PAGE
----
Nevertheless, in the east, where there's many competing product available and Apple Mind Bending Ads doesn't work. The small screen lost to big screen by a very wide margin. That's why, from the beginning, many believe that this small iPhone will only sell well in the USA, but will fall badly in Asia. I don't know about Africa, Middle East and Europe, so I can't say about it.

abdul muis

@neil

"twice as many people bought the small screen iPhone 6s than the large screen 6+"

While the iPhone with 4.7" is smaller than the iPhone with 5.5". It's MUCH MORE usable than the tiny 4". The 4" is just too small for 2016.

Paul

@Neil

You do not answer the question regarding your connections with Apple. Anything to hide Neil?

Tomi T Ahonen

Neil

You know the rules here. Don't bring that irrelevant crap into the discussion. We keep to the tech and the market share. I acknowledge that Apple is most profitable company in history, don't make that a point in the comments or they are always gone. This is not a wall street investor gambling site. This is a reasonable tech site talking about future tech such as digital mobile social etc. We don't care how big Apple's profits are. We acknowledge that its a profitable company because that is what is necessary for long term sustainability, the size of profits is irrelevant - except to investors.

Tomi Ahonen :-)

Tomi T Ahonen

Now to all in the thread

What is the bizarre argument you guys have here? Clearly for MOST buyers, bigger is better and screen size trumps (sorry) any other tech feature. Screen size rules. It was the reasoning for the long-delayed move up in screen size from early iPhones at 3.5 inches finally to 4 inches 6 years ago and then again, very reluctantly to phablet screen sizes finally two years ago. Screen size rules.

But its not every customer who wants a large screen. Some users PREFER a smaller phone - just like some car buyers PREFER a small car, not that it happens to be cheaper usually than a larger car. And then after the PREFERENCE is the market opportunity. Some cannot AFFORD the larger screen phone and will opt for the smaller one. This means, just like in cars, usually the larger phone by the same brand (with large screen) costs more than the smaller phone (with small screen). Not always, but mostly. And specifically its true with the iPhone.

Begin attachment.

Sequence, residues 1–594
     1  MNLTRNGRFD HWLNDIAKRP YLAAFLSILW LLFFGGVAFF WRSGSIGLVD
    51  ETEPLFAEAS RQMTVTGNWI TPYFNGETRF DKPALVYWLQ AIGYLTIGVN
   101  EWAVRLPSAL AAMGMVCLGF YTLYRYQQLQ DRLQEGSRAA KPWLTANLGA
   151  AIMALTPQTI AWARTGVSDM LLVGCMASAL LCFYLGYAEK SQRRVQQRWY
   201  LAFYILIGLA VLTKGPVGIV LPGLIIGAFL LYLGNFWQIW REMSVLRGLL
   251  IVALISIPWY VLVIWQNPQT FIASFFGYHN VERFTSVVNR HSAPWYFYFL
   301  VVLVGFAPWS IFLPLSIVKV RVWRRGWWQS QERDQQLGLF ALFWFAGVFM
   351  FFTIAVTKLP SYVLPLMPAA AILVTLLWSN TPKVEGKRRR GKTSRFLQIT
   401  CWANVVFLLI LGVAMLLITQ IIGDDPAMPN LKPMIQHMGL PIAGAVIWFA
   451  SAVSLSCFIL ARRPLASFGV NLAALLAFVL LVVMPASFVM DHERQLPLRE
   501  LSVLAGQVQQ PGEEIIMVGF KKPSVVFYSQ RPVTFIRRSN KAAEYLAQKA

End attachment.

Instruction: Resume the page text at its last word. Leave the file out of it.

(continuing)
This phone screen will NOT satisfy most who have bought a phablet 6 series iPhone. Some who don't LIKE the large screen will go back to the 5SE. Most who have a 6 series iPhone would not CONSIDER the 5SE as a practical replacement phone next. They will wait for the iPhone 7.

Many who WANT an iPhone but cannot afford the iPhone 6 series, will now become within the reach of pricing for the 5SE. They are ENTRY LEVEL customers, first time Apple buyers. They will become indoctrinated to the cult and they will mostly then in the coming 2 or 3 upgrade cycles (next 3-5 years) upgrade to a phablet-sized iPhone anyway. We've seen it as a totally consistent pattern globally for 15 years, smartphone users UPGRADE when they buy their next smartphone. Was true before the iPhone and after the iPhone. Was true of non-Apple smartphones and of iPhones. Will happen to SOME of these iPhone 5SE buyers, probably to more than half of those who are first-time Apple buyers of 5SE, that within the next 5 years, they have moved up from the entry-level iPhone to a mid-price or top-price iPhone.

Then there are those who PREFER smaller phones for whatever reasons (even if their fingers are small like with Donald Trump's hands). Some can't fit a phablet into their pockets or whatever reason. For those the 5SE is the latest nicest greatest 4 inch iPhone and they will love it and now ditch the old 5S or 5C they have been using. This segment of Apple owners is less than half but its a large part of Apple's total iPhone user base and Apple would be foolish to ignore it and force them off the iOS family by not offering them a modern phone with Apple Pay, a 12mp camera etc. This phone is LATE for that segment in fact.

But guys. There is no argument about screen size. It is the single most desired aspect of a modern smartphone, phablets rule - everywhere on the planet. But the iPhone 6 series is too expensive to be able to grow Apple. If they want growth and all the growth in smartphones is at the low end of pricing, then even Apple has to come down with prices and the 5SE is a logical sensible way to get there. It will be particularly popular in Emerging World markets, even as they PREFER larger screens but they also wants Apple. Its a good compromise for a customer who wants an iPhone but can't honestly afford a 6S.

PS - I also use the term iSheep but I do use it selectively for those who are clearly brainwashed members of the cult - aka West Coast tech writers for example..

Tomi Ahonen :-)

Paul

@Neil

>Paul, is Samsung paying you in any way for praising Android products here? ;-)

I have no direct (not even indirect) connection with Samsung or any other phone manufacturer (that is, I do not receive any kind of benefits from them). Also I have no connection with Google (or with Android).

neil

@Tomi,
Mark asked the question about whether someone would buy Apple. That was the only reason for my one sentence on Apple's worth and growth.

I don't touch the stock market with a barge pole myself as I feel it's too close to gambling for my liking.

neil

@paul,
no connection with Apple or any smartphone manufacturer or the industry. Just an interested observer myself.

abdul muis

@Tomi

From my observation, those who keep usin the small phone, is not a kind of person who will check their SMS/WA/Email 125x/day. And when they do use their phone, they use it primarily for phone calls.

I fully agree with you that Apple should NOT abandon this user/market segment. But I was wondering if this market segment were keen to upgrade their phone if it's still working as they want.... Or, in other words, will this bring many upgraders to iPhone.

Second, Do you really think for first time buyer that 4" iPhone can get a new user? At this current moment, I believe most kids already use any size phone their parents or friends have, and I don't know if kids would prefer 4" compared to other brand bigger size phone.